Stylized illustration of a platelet and T cell. Plus and negative signs are used to symbolically indicate the positive (clotting) and negative (downregulating T-cell immunity) effects of platelets. [Emma Vought/Medical University of South Carolina]
Stylized illustration of a platelet and T cell. Plus and negative signs are used to symbolically indicate the positive (clotting) and negative (downregulating T-cell immunity) effects of platelets. [Emma Vought/Medical University of South Carolina]

Platelets do more than promote clotting. They weaken one of the body’s immune defenses against cancer. Unfortunately, platelets tend to work against the immuno-oncology treatments that try to strengthen T-cell attacks on cancer.

Platelets, new research indicates, suppress T-cell immunity against cancer by expressing a transmembrane protein, the glycoprotein A repetitions predominant (GARP) receptor. Platelet GARP can snag a growth factor, transforming growth factor-β (TGFβ), and thereby promote cancer. When GARP binds with TGFβ, the latter can become activated and then convert effector T cells, which normally attack cancer with an inflammatory reaction, into regulatory (suppressor) T cells, which turn off the inflammatory reaction.

The new findings appeared May 5 in the journal Science Immunology, in an article entitled “Platelets Subvert T Cell Immunity against Cancer via GARP-TGFβ Axis.” This study expands on earlier findings that indicated platelets, in cancer-associated thrombocytosis, might make cancer worse.

“An unbiased biochemical and structural biology approach established TGFβ and lactate as major platelet-derived soluble factors to obliterate CD4+ and CD8+ T cell functions,” wrote the article’s authors. “Moreover, we found that platelets are the dominant source of functional TGFβ systemically as well as in the tumor microenvironment through constitutive expression of the TGFβ-docking receptor GARP rather than secretion of TGFβ per se.”

Scientists have known for several years that certain cancers suppress T cells to avoid the immune system. That is why adoptive T-cell therapy is one of the most promising advances in modern cancer treatment. It is a type of immunotherapy that awakens the immune system by retraining a patient's T cells to recognize their cancer. T cells are isolated from a patient's blood and retrained, or “primed,” to recognize tumor cells. They are then injected back into the patient's bloodstream where they can now hunt and fight cancer.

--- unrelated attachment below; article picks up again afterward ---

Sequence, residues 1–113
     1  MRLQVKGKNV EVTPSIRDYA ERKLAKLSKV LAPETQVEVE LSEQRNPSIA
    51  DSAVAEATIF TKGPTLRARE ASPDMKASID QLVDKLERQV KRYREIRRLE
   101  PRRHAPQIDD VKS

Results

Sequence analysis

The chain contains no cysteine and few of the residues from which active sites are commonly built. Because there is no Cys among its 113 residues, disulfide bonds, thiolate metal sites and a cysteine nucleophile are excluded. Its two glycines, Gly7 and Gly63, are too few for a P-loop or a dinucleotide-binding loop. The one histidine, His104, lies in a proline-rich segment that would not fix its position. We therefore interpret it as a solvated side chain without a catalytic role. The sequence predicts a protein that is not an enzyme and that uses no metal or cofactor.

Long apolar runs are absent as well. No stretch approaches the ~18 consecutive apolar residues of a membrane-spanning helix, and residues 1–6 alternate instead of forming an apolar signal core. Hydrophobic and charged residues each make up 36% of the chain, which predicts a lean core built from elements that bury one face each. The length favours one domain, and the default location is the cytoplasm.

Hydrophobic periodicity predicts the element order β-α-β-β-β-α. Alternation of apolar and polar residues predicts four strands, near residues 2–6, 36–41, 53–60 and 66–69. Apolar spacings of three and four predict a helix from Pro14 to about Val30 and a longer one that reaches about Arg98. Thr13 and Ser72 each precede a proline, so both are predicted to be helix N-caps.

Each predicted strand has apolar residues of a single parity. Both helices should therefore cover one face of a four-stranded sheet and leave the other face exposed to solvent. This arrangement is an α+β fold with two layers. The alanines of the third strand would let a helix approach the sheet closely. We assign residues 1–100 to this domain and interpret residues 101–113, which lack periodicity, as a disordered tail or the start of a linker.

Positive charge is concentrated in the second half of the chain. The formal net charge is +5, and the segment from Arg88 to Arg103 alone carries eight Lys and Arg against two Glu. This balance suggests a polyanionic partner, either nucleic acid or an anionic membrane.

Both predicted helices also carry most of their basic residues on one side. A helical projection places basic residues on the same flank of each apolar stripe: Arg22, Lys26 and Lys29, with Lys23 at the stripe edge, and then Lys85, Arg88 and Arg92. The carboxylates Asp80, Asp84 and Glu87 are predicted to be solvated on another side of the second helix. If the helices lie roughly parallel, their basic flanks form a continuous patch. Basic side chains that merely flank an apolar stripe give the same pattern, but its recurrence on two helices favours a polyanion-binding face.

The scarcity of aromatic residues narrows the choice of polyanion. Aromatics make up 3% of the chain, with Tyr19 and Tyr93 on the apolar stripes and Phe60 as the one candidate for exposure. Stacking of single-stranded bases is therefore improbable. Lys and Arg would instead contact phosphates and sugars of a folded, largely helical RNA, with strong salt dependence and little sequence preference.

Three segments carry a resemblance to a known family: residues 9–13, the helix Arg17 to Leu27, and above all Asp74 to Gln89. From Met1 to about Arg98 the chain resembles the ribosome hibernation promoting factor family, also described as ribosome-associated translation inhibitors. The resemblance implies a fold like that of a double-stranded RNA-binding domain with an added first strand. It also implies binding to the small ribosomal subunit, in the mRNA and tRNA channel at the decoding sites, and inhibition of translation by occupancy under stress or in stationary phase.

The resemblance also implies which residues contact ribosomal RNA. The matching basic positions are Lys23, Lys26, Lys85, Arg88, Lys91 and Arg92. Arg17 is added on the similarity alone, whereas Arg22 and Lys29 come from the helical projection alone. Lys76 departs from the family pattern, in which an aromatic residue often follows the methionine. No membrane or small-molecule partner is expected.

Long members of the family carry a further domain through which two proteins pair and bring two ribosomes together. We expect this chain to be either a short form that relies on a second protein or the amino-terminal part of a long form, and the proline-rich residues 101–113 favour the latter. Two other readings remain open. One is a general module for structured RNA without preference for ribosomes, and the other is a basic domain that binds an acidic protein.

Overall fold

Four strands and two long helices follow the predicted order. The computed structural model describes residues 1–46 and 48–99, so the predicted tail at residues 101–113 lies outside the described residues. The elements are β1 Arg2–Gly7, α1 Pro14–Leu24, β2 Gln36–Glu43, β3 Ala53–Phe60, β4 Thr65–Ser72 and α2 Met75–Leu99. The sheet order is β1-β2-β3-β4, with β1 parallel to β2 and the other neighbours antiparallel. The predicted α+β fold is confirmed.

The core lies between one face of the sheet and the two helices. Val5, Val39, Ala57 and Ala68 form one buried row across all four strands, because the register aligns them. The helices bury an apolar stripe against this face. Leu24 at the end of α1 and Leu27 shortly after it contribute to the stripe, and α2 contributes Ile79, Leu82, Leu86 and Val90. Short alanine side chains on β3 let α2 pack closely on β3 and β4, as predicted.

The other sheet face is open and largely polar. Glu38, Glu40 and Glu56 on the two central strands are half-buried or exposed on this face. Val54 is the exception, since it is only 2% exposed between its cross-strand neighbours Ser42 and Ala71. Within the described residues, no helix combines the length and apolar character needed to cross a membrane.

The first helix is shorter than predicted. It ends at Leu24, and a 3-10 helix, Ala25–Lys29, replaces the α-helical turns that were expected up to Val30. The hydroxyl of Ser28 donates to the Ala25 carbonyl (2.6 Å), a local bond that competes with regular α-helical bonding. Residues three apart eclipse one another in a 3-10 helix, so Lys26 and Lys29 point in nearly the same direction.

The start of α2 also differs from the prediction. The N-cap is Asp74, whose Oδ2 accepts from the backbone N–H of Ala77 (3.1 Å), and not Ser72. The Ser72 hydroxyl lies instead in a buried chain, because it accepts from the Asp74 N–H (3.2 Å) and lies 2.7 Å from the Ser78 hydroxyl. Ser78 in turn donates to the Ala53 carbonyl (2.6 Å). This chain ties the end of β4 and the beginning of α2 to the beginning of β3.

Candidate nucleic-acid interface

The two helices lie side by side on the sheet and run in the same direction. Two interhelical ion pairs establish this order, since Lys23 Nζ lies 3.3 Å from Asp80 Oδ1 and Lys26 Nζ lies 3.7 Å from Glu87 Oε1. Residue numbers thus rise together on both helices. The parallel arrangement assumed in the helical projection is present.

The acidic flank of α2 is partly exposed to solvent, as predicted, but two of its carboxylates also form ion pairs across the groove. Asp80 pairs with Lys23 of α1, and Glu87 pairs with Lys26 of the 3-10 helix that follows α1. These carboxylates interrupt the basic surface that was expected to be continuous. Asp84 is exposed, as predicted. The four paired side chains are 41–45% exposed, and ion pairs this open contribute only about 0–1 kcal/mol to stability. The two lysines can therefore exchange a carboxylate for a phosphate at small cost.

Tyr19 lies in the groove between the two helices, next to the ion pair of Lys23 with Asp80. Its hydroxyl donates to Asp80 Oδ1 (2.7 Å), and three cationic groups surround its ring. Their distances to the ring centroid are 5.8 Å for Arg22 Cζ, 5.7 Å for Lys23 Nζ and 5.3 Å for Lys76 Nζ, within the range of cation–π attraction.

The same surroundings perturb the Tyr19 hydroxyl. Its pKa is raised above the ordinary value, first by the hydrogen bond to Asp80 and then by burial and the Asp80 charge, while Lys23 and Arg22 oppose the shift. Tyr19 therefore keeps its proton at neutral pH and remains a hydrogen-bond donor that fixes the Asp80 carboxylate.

In the current study, scientists have shown that genetic targeting of platelets enhances adoptive T-cell therapy of cancer. “Platelet-specific deletion of the GARP-encoding gene Lrrc32,” the authors of the Science Immunology article indicated, “blunted TGFβ activity at the tumor site and potentiated protective immunity against both melanoma and colon cancer.”

This work, which was carried out by scientists based at the Medical University of South Carolina, revealed the mechanism behind platelets’ activation of TGFβ. The scientists showed that in genetically modified mice without GARP, the molecular hook on the surface of platelets, adoptive T-cell therapy was more successful at controlling melanoma. This meant that platelets without the ability to grab and activate TGFβ were not able to suppress cancer-fighting T cells. Similar experiments confirmed this result in mice with colon carcinoma.

Finally, mice with normal platelets that were given melanoma and then adoptive T-cell therapy survived longer and relapsed less when aspirin and clopidogrel, two antiplatelet drugs, were added. The researchers noted that antiplatelet drugs by themselves were not successful in combating melanoma in their experiments.

This study could inform future treatment of melanoma and other cancers and offers a sound reason to test antiplatelet drugs in clinical trials of adoptive T-cell therapy. In patients with melanoma or other cancers, adoptive T-cell therapy may be successful if highly available platelet-blocking drugs such as aspirin are added to the treatment. However, the current standard of care for melanoma is not adoptive T-cell therapy, but rather so-called checkpoint inhibitors.

The team at the Medical University of South Carolina, which was led by Zihai Li, M.D., Ph.D., want to know if combination therapy with antiplatelet drugs could improve existing cancer treatment. They are waiting for approval to begin a clinical trial that will test certain checkpoint inhibitors in combination with aspirin and clopidogrel for the treatment of patients with advanced cancers. Dr. Li's trial will complement clinical trials that are already testing adoptive T-cell therapy as a single treatment for cancer.

“I'm very excited about this,” said Dr. Li. “We can test simple, over-the-counter antiplatelet agents to really improve immunity and make a difference in how to treat people with cancer.”

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